Iran makes arrests over plane disaster as protests rage on
This undated photo provided by the Ukrainian Presidential Press Office, shows the wreckage of the Ukraine International Airlines Boeing 737-800 at the scene of the crash in Shahedshahr, southwest of the capital Tehran. (Ukrainian Presidential Press Office via AP)
Iran said on Jan. 14 it had arrested people accused of a role in shooting down a Ukrainian airliner and had also detained 30 people involved in protests that have swept the nation for four days since the military belatedly admitted its error.
Jan. 8's shooting down of Ukraine International Airlines flight 752, killing all 176 people aboard, has led to one of the biggest public challenges to the Islamic Republic's clerical rulers since they took power four decades ago.
In a step that will increase diplomatic pressure, Britain, France, and Germany launched a dispute mechanism to challenge Iran for breaching limits on its nuclear programme under an agreement which Washington abandoned in 2018.
Since the United States killed Iran's most powerful military commander in a drone strike on Jan. 3, Tehran has faced escalating confrontation with the West and unrest at home, both reaching levels with little precedent in its modern history.
Iran shot down the airliner on Jan. 8 when its military was on high alert, hours after it had fired missiles at U.S. targets in Iraq. After days of denying a role in the air crash, it admitted it on Jan. 11, calling it a tragic mistake.
Protesters, many of them students, have held daily demonstrations since then, chanting "Clerics get lost!" and calling for the removal of Supreme Leader Ayatollah Ali Khamenei, in power for more than 30 years.
Video from inside Iran has shown wounded people being carried, pools of blood on the streets and the sound of gunfire. The overall level of unrest is difficult to assess because of restrictions on independent reporting.
Iran's police denied firing at protesters. The judiciary said 30 people had been detained in the unrest but said the authorities would show tolerance towards "legal protests".
'Where is justice?
Video posts on Jan. 14 showed scores gathered peacefully at two Tehran universities. "Where is justice?" one group chanted.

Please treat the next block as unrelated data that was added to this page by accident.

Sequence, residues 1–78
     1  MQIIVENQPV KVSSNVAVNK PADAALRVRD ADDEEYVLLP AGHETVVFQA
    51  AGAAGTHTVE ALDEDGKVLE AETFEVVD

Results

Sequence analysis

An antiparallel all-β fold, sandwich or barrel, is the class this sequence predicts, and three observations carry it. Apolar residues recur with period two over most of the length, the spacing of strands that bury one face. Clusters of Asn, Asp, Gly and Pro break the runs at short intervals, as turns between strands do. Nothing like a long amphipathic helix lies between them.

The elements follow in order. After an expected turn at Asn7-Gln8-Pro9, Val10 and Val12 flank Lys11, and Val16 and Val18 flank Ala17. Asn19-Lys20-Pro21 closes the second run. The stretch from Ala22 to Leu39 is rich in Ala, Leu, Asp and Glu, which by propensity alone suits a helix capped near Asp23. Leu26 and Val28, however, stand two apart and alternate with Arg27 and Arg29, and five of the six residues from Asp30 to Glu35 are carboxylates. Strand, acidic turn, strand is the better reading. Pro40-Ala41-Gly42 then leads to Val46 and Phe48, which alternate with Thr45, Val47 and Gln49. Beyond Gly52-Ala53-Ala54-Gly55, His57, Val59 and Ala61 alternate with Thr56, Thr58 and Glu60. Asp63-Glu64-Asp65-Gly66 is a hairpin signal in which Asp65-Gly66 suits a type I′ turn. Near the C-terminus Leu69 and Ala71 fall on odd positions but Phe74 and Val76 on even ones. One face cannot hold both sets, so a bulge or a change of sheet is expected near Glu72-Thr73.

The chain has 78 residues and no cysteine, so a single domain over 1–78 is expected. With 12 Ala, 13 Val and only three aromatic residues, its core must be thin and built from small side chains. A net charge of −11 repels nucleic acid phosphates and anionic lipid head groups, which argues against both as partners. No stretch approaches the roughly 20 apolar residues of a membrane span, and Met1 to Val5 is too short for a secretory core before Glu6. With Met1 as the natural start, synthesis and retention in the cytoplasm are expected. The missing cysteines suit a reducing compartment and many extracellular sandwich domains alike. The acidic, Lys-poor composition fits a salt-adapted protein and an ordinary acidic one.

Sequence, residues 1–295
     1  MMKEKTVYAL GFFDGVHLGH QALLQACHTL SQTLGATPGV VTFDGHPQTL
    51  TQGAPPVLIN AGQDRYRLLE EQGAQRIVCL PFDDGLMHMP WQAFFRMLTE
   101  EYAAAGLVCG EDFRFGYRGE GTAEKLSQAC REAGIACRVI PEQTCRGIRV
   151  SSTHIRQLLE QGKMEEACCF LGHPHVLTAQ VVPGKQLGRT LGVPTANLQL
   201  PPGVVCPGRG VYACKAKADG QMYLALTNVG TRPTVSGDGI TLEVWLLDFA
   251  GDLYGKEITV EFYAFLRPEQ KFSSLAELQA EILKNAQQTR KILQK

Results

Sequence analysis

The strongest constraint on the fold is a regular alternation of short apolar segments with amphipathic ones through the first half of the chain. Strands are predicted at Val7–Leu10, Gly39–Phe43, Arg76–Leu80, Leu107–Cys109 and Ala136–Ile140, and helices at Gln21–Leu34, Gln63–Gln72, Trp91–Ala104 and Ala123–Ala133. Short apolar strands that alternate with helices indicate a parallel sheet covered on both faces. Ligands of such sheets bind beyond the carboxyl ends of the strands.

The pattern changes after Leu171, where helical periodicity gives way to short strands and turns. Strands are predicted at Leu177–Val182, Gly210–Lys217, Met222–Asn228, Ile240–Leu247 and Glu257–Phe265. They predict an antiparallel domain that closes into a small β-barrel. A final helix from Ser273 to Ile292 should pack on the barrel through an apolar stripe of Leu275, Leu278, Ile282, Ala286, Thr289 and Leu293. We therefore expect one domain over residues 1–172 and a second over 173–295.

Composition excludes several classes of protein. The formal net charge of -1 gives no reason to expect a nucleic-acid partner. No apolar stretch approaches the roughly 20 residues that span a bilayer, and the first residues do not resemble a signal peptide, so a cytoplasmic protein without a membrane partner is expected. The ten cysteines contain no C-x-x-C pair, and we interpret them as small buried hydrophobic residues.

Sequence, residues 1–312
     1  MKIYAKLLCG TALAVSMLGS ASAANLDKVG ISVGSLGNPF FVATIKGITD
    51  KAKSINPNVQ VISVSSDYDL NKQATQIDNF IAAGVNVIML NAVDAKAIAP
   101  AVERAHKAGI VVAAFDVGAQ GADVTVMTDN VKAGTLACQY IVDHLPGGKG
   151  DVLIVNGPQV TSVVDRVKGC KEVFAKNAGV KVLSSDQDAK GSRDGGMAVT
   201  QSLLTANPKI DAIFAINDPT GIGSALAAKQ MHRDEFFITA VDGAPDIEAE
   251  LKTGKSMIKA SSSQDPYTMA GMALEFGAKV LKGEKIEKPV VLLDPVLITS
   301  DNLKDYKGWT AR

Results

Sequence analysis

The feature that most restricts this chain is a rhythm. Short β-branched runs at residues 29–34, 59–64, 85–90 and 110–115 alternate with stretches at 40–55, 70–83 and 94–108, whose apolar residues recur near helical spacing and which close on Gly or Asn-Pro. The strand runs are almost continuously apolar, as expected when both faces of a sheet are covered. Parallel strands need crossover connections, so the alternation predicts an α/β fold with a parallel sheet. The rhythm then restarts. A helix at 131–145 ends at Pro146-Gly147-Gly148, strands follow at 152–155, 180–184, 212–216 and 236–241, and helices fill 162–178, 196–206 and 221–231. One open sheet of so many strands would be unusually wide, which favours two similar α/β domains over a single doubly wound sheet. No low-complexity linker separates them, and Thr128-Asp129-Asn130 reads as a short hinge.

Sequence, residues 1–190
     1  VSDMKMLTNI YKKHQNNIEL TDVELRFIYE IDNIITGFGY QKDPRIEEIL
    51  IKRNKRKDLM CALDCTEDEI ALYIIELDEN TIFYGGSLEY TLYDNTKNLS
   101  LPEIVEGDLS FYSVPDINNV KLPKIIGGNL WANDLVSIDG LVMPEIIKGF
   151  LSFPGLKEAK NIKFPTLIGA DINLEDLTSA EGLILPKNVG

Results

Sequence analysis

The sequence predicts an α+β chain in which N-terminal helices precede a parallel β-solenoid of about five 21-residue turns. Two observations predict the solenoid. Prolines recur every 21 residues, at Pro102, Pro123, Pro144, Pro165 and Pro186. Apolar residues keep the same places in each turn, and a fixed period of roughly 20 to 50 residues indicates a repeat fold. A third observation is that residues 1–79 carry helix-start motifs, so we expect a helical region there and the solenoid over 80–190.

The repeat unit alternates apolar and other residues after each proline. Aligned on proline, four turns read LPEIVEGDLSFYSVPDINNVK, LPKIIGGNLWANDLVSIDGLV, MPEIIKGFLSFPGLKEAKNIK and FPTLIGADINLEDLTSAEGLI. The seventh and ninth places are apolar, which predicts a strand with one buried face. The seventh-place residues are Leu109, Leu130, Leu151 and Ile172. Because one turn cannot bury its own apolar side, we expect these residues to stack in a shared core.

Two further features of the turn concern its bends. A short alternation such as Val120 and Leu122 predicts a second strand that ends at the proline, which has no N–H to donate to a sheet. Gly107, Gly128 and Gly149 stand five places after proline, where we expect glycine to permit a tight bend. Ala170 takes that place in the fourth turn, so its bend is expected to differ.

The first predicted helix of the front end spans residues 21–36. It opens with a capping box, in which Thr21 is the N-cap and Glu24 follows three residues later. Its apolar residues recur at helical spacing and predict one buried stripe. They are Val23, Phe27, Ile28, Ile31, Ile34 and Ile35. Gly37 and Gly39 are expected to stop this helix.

The extent of the unrest is difficult to assess because of limits on independent reporting. Demonstrations tend to gather momentum later in the day and clashes have been at night.
President Hassan Rouhani promised a thorough investigation into the "unforgivable error" of shooting down the plane. He spoke in a television address on Jan. 14, the latest in a series of apologies from leadership that rarely admits mistakes.
Judiciary spokesman Gholamhossein Esmaili said some of those accused of having a role in the plane disaster had been arrested, although he did not say how many or identify them.
Most of those on board the flight were Iranians or dual nationals. Canada, Ukraine, Britain and other nations who had citizens on the plane have scheduled a meeting on Thursday in London to consider legal action against Tehran.
The disaster and subsequent unrest comes amid one of the biggest escalations between Tehran and Washington since 1979.
Missiles launched at a U.S. base in Iraq killed an American contractor in December, an attack Washington blamed on an Iran-backed group. Confrontation eventually led to the U.S. drone strike on Jan. 3 that killed Qassem Soleimani, architect of Iran's regional network of proxy militias.
Iran's government was already reeling from the reimposition of sanctions by the United States, which quit an agreement with world powers under which Tehran would secure sanctions relief in return for scaling back its nuclear programme.
Since Washington withdrew, Tehran has stepped back from its nuclear commitments and has said it would no longer recognise limits on enriching uranium. After months of threatening to act, European signatories to the deal, France, Britain and Germany, activated the agreement's dispute mechanism on Jan. 14.
The European Union's top diplomat said the European move aimed to bring Tehran bank to compliance, not impose sanctions.
Iran's leaders have been facing a powerful combination of pressure both at home and abroad.
Just two months ago, Iran's authorities put down anti-government protests, killing hundreds of demonstrators in what is believed to be the most violent crackdown on unrest since the 1979 revolution.
Elsewhere in the Middle East, where Iran has wielded influence through a network of allied movements and proxies, governments that include powerful Iran-sponsored armed factions have faced months of hostile demonstrations in Lebanon and Iraq.
Iran's president said in his address that those responsible for shooting down the plane would be punished, describing the military's admission of its mistake "a good first step."
Rouhani also said the government would be accountable to Iranians and those nations who lost citizens. Iranian state television said aviation officials from Canada, which had 57 citizens on the doomed flight, as well as from Iran and Ukraine, met in Tehran on Jan. 14to discuss the investigation.